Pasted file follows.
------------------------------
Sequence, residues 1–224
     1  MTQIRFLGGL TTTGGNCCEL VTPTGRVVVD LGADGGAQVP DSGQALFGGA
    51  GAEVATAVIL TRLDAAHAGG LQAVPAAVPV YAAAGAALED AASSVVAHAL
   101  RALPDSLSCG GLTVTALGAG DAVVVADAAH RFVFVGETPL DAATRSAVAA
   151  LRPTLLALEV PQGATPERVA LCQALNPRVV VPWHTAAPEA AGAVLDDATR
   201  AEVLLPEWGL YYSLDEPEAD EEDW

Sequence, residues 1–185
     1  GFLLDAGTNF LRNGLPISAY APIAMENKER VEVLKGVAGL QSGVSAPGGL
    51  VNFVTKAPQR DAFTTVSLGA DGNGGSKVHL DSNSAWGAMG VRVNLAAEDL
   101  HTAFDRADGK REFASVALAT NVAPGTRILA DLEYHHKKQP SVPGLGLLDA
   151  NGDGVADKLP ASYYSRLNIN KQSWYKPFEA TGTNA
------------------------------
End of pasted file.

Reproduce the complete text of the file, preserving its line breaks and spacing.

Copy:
Sequence, residues 1–224
     1  MTQIRFLGGL TTTGGNCCEL VTPTGRVVVD LGADGGAQVP DSGQALFGGA
    51  GAEVATAVIL TRLDAAHAGG LQAVPAAVPV YAAAGAALED AASSVVAHAL
   101  RALPDSLSCG GLTVTALGAG DAVVVADAAH RFVFVGETPL DAATRSAVAA
   151  LRPTLLALEV PQGATPERVA LCQALNPRVV VPWHTAAPEA AGAVLDDATR
   201  AEVLLPEWGL YYSLDEPEAD EEDW

Sequence, residues 1–185
     1  GFLLDAGTNF LRNGLPISAY APIAMENKER VEVLKGVAGL QSGVSAPGGL
    51  VNFVTKAPQR DAFTTVSLGA DGNGGSKVHL DSNSAWGAMG VRVNLAAEDL
   101  HTAFDRADGK REFASVALAT NVAPGTRILA DLEYHHKKQP SVPGLGLLDA
   151  NGDGVADKLP ASYYSRLNIN KQSWYKPFEA TGTNA